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4answers
30k views

two times or twice

In the 1980’s the rate of increase of the minority population of the United States was nearly twice as fast as it was in the 1970’s. In the 1980’s the rate of increase of the minority population of ...
6
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4answers
7k views

Is 'uniquer' a word?

My spellcheck doesn't complain about 'uniquer'. Is it a valid word? Since unique means "one of a kind", 'uniquer' has no valid definition, but that doesn't prevent it from being a valid dictionary ...
6
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4answers
15k views

Is using “more correct” a grammatical faux pas?

I caught myself saying "to be more correct", is this strictly possible given that something is usually correct or incorrect. If this is a grammatical faux pas, what is it called?
6
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5answers
921 views

formation of comparisons

Is it incorrect to phrase a comparison in the following way: Men are prone more than women to depression. Or must the adjective always follow more? Men are more prone than women to depression.
6
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2answers
1k views

“I am extremely smarter than you.”

Is "I am extremely smarter than you." a grammatically OK sentence? It sounds awkward, but is there a grammatical issue? Please note that I am not asking if it could sound better, nor am I asking for ...
6
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1answer
600 views

Comparative adjectives

I have a question concerning use of more in comparative sentences when used with adjectives. I was more furious about my cat's death than you thought I would be. Usually, or always, when more is ...
5
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3answers
2k views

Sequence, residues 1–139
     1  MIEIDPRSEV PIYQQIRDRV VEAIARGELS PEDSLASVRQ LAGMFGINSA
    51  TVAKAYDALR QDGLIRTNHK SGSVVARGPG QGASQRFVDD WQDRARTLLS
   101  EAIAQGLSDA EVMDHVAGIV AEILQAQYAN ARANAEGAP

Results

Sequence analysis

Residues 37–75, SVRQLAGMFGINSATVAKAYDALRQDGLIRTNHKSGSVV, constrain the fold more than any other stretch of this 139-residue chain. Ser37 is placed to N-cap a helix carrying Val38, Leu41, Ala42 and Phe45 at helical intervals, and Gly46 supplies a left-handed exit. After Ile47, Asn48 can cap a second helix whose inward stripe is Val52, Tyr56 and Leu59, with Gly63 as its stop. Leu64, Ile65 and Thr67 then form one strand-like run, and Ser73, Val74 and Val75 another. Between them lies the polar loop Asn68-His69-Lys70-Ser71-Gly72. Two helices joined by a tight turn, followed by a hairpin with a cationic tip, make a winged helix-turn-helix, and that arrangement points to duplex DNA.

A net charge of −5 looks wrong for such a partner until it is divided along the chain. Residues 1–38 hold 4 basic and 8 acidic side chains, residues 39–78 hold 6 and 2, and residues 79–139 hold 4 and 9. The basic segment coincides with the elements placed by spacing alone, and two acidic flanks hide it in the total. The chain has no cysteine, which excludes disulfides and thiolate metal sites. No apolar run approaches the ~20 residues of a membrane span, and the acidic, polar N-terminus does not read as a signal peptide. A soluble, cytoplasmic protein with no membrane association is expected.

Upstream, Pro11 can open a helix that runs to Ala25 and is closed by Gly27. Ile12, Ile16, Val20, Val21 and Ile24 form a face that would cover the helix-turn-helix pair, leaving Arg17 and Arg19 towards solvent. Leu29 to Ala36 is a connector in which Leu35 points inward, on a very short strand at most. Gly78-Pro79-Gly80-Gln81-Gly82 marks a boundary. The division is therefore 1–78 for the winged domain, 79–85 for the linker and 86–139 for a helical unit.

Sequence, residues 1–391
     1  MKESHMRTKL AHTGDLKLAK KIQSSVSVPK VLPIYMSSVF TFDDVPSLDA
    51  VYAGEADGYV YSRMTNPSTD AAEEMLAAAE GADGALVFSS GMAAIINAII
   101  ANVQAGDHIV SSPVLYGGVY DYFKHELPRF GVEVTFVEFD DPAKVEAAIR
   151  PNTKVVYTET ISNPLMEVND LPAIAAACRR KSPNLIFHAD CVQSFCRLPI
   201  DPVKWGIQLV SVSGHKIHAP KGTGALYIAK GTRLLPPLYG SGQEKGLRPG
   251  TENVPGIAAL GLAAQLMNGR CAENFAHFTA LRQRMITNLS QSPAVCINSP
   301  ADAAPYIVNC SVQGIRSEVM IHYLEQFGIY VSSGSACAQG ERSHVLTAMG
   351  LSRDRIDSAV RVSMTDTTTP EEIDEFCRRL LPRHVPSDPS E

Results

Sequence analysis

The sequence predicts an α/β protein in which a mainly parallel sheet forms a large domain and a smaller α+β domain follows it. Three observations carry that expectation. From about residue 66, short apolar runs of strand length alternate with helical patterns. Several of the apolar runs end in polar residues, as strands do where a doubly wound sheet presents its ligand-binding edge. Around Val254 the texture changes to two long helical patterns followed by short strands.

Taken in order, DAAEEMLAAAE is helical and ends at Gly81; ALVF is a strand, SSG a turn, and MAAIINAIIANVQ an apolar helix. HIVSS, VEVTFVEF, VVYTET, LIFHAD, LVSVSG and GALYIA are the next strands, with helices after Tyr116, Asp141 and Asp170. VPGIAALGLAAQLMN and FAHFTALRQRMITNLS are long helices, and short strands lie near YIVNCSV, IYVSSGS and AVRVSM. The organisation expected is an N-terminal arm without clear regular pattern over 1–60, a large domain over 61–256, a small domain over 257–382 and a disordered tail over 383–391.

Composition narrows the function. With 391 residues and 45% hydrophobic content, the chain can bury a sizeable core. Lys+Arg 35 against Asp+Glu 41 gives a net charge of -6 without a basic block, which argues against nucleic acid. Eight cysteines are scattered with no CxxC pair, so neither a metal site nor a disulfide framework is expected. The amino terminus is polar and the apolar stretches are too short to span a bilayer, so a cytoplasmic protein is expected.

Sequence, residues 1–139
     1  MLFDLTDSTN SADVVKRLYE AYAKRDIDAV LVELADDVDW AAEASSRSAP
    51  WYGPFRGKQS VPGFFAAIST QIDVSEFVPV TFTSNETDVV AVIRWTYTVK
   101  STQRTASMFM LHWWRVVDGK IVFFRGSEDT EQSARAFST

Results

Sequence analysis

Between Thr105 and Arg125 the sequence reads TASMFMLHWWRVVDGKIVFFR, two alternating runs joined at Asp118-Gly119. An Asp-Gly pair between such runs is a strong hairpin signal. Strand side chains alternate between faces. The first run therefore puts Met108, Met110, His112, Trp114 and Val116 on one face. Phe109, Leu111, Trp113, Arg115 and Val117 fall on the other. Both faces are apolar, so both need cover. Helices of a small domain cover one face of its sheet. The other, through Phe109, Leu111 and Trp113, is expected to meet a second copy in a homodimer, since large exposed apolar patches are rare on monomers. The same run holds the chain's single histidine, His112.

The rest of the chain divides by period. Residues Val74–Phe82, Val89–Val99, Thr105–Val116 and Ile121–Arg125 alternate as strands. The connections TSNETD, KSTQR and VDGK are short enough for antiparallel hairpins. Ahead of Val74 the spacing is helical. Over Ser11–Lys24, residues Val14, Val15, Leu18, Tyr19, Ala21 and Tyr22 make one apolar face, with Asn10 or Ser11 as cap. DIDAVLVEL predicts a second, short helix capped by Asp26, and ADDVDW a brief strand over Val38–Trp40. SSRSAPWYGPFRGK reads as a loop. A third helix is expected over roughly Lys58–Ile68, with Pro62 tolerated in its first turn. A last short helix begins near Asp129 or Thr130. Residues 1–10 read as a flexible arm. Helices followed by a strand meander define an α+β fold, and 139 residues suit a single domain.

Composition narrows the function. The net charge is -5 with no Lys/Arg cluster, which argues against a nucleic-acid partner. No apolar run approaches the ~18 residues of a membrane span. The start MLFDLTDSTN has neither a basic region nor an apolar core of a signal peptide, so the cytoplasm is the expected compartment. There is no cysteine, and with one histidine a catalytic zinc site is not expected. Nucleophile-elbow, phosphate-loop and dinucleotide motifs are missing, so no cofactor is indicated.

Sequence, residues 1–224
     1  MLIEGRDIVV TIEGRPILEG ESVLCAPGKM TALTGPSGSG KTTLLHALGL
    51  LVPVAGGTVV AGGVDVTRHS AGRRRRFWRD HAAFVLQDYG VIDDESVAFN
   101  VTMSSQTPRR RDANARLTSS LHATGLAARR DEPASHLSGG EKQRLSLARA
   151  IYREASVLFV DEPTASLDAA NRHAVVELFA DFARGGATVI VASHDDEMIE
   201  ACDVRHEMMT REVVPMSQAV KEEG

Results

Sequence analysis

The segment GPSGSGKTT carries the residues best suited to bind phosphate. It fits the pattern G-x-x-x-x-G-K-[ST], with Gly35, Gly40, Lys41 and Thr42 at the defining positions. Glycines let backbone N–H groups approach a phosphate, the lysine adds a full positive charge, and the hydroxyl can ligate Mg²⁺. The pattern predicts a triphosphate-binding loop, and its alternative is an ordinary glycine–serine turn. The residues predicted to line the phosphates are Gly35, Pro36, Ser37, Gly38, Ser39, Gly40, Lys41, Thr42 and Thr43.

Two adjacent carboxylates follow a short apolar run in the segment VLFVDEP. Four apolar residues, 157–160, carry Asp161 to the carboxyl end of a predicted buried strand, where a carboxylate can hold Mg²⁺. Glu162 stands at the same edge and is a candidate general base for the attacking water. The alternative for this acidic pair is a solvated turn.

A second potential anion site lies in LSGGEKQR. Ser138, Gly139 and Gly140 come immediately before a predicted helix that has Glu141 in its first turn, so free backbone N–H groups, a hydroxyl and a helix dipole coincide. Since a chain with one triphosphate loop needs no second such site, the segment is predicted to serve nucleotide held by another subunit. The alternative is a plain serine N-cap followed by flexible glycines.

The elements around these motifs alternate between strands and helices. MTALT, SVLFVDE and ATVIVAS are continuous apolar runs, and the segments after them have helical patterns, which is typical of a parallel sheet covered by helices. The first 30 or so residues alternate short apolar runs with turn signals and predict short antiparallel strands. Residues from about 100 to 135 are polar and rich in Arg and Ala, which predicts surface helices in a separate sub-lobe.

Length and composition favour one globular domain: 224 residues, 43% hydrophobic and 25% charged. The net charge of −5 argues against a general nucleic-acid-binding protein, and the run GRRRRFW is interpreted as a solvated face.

comparative construction used with pronouns, especially 'her'

I was recently pulled up by a colleague when I made a statement along the lines of I am a better player than her. My colleague suggested the correct statement should be better player than she is ...
5
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3answers
15k views

Is it correct to use the comparative adjective “blacker?”

You can find bluer, redder, greener, and whiter in the dictionary, but not blacker. This seems mystifying. In his "El Paso" song, Marty Robbins sang, "Blacker than night were the eyes of Felina." ...
5
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1answer
24k views

“Much more simple” or “much more simpler” [closed]

Which is the correct sentence? It is much more simple to resolve the memory leak issues. It is much more simpler to resolve the memory leak issues.
5
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3answers
12k views

Is “oftener” obsolete?

Does any native speaker of the English Language ever use oftener instead of more often?
5
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2answers
2k views

Comparative adverbs

"Officially" (or so I believe) English doesn't have comparative adverbs (a single word rather than "more" + an adverb), but faster is in common usage as one, for example: Do it faster When ...